Sunday, May 31, 2015
Throughout the history of jazz music there have clearly been a number of luxurious cover versions of recognisable, contemporaneous tunes, some that have gone on to become known as “standards”. This latest release from Ian Chalk, “Dreamsville”, continues in that tradition by enhancing a number of tunes that are etched into the music lovers’ collective memory, with affectionate trumpet and orchestral arrangements. What is particularly noticeable about this collection of tunes is how brave the trumpet player has been in tackling them. A casual observer may initially be wary of an orchestral version of that Holy Grail “Wichita Lineman” or another version of “All The Things You Are”. But this collection needs to be given a chance and allowed to work its way into the listener’s soul.
It would not be too lofty to think of the arrangements here in the same frame of reference as Miles Davis’ “Sketches of Spain”. There is a deep and sensuous melancholy underpinning tracks such as “Sometimes I Feel Like A Motherless Child”, “A House Is Not A Home” and “Skylark” that is a masterpiece of musical production. To fully encompass the fragility of sound these pieces are capable of is an exceptional skill. “Dreamsville” and “The Rose” are awash with lavish and melancholic string arrangements by George Hall providing an intimate backdrop for the restrained trumpet lines. Music such as this never ages and will always be part of the music lover’s lexicon. “Creepin’” softly lifts the mood with a subtle, yet driving, funky grounding and the album concludes with spine tingling version of Branford Marsalis’ “Mo’ Better Blues” from the 1990 film soundtrack.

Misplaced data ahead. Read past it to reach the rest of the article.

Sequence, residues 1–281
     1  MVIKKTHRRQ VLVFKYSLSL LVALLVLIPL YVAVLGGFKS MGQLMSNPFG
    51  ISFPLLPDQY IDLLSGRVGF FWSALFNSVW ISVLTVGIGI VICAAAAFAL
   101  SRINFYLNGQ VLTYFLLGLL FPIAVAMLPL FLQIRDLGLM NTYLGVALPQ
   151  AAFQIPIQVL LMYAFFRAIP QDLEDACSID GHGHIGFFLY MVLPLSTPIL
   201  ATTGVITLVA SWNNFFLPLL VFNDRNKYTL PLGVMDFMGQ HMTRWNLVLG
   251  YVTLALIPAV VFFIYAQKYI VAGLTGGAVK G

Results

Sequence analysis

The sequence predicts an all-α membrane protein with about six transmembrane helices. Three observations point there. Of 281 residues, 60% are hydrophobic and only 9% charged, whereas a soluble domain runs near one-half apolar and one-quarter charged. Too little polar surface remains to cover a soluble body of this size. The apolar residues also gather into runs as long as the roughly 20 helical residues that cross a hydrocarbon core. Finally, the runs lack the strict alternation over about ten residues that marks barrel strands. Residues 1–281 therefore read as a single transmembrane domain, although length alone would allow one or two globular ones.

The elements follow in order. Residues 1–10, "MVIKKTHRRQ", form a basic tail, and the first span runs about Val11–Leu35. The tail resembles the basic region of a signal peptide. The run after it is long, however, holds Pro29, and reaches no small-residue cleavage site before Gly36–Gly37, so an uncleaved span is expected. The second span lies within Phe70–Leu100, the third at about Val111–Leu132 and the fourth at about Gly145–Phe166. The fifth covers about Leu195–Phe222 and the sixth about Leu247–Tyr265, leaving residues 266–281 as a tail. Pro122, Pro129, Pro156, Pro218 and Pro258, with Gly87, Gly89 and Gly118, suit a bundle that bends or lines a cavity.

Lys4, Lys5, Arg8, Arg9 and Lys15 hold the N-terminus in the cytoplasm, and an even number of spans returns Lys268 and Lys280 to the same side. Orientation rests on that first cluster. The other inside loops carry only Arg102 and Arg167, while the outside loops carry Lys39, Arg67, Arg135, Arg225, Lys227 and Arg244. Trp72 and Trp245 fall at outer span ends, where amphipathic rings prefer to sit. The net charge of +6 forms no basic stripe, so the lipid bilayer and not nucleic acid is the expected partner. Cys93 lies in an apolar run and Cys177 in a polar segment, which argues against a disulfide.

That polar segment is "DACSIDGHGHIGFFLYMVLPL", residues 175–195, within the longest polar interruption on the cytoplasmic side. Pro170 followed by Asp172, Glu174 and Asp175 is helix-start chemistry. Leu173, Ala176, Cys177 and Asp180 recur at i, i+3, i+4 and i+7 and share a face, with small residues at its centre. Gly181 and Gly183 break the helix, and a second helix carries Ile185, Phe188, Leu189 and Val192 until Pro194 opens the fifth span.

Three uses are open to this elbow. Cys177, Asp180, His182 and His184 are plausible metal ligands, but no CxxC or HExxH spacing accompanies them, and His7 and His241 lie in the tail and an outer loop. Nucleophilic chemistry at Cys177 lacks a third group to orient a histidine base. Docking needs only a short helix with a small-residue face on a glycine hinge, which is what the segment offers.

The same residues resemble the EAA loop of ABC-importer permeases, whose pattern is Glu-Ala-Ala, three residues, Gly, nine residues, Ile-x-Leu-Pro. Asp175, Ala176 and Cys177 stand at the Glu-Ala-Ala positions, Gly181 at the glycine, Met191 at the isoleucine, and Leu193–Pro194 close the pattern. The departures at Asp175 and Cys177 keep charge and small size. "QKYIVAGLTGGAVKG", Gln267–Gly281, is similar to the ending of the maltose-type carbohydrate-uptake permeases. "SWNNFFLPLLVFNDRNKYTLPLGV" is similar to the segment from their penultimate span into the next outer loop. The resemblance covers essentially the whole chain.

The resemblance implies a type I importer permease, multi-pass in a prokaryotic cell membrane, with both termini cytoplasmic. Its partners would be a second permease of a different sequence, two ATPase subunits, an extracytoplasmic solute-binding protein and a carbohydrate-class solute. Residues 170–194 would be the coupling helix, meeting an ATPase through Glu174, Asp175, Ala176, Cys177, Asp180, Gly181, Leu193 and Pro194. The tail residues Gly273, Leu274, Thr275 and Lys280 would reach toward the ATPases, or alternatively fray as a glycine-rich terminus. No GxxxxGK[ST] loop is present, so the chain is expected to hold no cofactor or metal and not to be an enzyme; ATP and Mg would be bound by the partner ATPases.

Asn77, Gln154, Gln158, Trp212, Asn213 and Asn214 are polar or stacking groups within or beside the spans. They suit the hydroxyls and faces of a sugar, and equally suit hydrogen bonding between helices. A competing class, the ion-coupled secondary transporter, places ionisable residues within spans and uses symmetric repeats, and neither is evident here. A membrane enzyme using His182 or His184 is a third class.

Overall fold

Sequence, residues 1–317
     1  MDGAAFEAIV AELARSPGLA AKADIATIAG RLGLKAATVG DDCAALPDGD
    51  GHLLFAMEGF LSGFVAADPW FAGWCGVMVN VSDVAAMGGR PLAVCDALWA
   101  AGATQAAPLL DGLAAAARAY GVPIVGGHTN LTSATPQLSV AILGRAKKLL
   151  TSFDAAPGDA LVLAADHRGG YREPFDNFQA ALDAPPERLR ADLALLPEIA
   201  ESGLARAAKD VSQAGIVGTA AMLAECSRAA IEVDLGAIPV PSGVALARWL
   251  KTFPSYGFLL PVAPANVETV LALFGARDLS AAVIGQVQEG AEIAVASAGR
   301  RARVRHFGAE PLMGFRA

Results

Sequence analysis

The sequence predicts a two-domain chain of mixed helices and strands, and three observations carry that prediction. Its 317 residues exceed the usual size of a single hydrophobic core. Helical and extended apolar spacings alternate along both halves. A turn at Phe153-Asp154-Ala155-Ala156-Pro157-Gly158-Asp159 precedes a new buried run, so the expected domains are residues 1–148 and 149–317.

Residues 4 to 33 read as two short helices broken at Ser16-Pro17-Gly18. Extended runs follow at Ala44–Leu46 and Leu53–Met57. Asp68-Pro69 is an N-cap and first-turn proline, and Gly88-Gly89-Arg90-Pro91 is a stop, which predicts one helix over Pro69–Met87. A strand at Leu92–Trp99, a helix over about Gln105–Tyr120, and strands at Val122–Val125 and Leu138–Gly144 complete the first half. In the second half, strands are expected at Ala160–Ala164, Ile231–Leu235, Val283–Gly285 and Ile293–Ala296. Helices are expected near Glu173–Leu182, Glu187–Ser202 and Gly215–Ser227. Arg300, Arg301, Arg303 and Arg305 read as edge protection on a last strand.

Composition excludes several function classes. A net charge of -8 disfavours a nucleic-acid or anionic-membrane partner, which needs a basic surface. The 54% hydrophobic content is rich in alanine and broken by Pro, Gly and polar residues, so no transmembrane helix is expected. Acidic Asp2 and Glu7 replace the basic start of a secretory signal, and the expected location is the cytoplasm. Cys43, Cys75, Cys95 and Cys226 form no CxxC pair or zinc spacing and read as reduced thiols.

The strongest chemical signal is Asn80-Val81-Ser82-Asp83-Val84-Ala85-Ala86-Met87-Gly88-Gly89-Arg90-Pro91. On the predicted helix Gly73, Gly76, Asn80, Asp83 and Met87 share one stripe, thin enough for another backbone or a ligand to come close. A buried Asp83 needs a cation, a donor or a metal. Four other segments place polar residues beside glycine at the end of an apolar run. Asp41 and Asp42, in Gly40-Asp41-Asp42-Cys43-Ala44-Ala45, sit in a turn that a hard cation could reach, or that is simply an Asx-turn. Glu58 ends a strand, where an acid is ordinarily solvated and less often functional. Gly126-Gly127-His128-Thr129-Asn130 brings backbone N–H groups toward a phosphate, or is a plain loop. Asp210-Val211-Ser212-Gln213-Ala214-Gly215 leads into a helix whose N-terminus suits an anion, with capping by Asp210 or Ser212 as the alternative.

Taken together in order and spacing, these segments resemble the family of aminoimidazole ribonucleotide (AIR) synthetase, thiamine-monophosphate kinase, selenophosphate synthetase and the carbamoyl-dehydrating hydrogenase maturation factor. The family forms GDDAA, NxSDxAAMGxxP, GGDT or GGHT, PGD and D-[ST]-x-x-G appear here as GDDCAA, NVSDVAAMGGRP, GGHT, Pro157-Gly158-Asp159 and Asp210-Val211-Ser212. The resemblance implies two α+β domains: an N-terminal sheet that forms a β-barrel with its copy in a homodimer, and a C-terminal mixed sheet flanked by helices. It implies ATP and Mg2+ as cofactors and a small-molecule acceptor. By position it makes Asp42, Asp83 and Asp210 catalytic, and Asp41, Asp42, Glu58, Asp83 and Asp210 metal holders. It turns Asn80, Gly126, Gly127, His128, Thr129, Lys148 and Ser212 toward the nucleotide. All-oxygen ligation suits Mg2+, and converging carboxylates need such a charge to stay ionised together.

One of the most important lessons to take away from Ian Chalks’ “Dreamsville” album is to not be afraid of encompassing the string arrangements in jazz. Think Miles Davis, think Charlie Parker “…With Strings”, and allow yourself the luxury of the drifting through these seas of sound. Marvel also at the “classic” jazz evoking cover which perfectly complements the music and then, when you have gorged on these delicacies, treat yourself to last years “Down Time” album which illustrates what a moving player Ian Chalk is in a less opulent, but no less poignant, environment.